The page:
Celebrated for centuries, the Mid-Autumn Festival (中秋節, zhōngqiū jié) is a harvest festival celebrated on the 15 day of the eighth month of the lunar calendar. What Is the Mid-Autumn Festival, and Why Is the Mid-Autumn Festival Celebrated? The Mid-Autumn Festival is derived from the tradition of praying to Chang-e, the Moon Goddess, in the autumn for a plentiful harvest. According to a legend from the Han Dynasty, Chang-e was the wife of divine archer Hou Yi, who shot down one of 10 suns that appeared in the sky one day. He and his wife were banished to earth to live as mortals for his actions. After some time living on earth, Hou Yi found an elixir of immortality and both he and his wife drank it. After drinking the elixir, his wife was sent to live on the moon alone while Hou Yi remained on earth. Each Mid-Autumn Festival, revelers eat moon cakes and stare at the moon, which is said to be the roundest and brightest on this day. What Are Moon cakes?
Moon cakes are round, savory cakes filled with lotus, red bean paste, fermented eggs and other traditional ingredients. Modern interpretations of moon cakes also include chocolate-shaped moon cakes and moon cakes made of ice cream. Like many Chinese foods, the shape is symbolic. The roundness of moon cakes symbolize reunion and togetherness. Eating the moon cakes represents a family’s togetherness. Moon cakes are thought to have originated during the Song Dynasty. During the Moghul invasion, the Chinese wanted to revolt and to keep their plans under wraps, they hid messages to revolt on lunar August 15 inside round cakes that were distributed to each family, according to legend. On the night of the 15th day of the eighth lunar month, the people rose up and killed the invaders. How Is the Mid-Autumn Festival Celebrated?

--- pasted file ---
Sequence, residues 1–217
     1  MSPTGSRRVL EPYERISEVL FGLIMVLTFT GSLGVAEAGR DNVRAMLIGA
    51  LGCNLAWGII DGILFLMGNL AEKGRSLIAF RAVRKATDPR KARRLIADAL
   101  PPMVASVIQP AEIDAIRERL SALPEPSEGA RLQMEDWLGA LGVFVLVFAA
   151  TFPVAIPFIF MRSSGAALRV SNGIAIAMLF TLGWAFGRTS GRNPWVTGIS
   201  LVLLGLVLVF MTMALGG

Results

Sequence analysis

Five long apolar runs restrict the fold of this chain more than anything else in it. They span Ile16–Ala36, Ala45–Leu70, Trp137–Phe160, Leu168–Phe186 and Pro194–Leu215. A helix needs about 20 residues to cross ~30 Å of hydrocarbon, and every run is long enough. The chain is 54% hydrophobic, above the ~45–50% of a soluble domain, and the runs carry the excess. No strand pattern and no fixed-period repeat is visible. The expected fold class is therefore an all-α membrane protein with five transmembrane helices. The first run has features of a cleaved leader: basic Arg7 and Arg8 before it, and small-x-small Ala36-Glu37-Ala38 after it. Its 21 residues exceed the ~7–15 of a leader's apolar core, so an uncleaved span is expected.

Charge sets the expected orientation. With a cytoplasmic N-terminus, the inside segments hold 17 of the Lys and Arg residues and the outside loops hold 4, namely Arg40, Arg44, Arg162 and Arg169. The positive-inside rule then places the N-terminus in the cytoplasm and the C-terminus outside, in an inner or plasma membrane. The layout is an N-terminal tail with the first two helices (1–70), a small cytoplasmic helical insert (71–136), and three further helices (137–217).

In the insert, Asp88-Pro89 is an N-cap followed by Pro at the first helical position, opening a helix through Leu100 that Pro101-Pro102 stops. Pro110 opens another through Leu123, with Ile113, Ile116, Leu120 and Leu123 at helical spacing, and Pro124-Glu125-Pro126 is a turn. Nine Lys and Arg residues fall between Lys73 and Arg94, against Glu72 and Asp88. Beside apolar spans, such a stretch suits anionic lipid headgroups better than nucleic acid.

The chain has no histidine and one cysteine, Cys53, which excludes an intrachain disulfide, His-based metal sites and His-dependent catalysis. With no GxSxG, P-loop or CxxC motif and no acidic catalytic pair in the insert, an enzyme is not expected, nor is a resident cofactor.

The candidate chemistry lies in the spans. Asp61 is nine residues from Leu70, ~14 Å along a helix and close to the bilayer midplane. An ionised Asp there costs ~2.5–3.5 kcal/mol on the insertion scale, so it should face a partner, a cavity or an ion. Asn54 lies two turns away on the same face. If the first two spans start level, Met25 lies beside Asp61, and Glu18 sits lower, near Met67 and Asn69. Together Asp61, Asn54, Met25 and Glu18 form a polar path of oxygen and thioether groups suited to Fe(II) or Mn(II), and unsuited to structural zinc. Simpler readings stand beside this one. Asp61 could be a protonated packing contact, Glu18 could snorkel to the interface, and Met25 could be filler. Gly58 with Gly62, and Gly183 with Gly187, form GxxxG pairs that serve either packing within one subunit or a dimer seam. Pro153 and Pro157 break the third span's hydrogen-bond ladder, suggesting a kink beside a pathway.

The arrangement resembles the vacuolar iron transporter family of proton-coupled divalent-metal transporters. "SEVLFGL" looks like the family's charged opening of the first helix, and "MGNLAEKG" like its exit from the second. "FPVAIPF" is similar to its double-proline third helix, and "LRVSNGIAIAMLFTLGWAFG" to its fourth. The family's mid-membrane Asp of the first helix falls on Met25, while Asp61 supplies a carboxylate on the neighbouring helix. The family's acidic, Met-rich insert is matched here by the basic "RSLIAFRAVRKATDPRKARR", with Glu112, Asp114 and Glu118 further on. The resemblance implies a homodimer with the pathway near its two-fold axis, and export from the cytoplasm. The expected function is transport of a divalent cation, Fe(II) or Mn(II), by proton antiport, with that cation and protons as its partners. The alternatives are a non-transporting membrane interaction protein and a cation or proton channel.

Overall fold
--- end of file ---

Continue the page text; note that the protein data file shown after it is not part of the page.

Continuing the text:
The Mid-Autumn Festival is celebrated with family reunions because the word for “round” rhymes with “reunion” and the round cakes eaten, moon cakes, support that sentiment. Children often have the...
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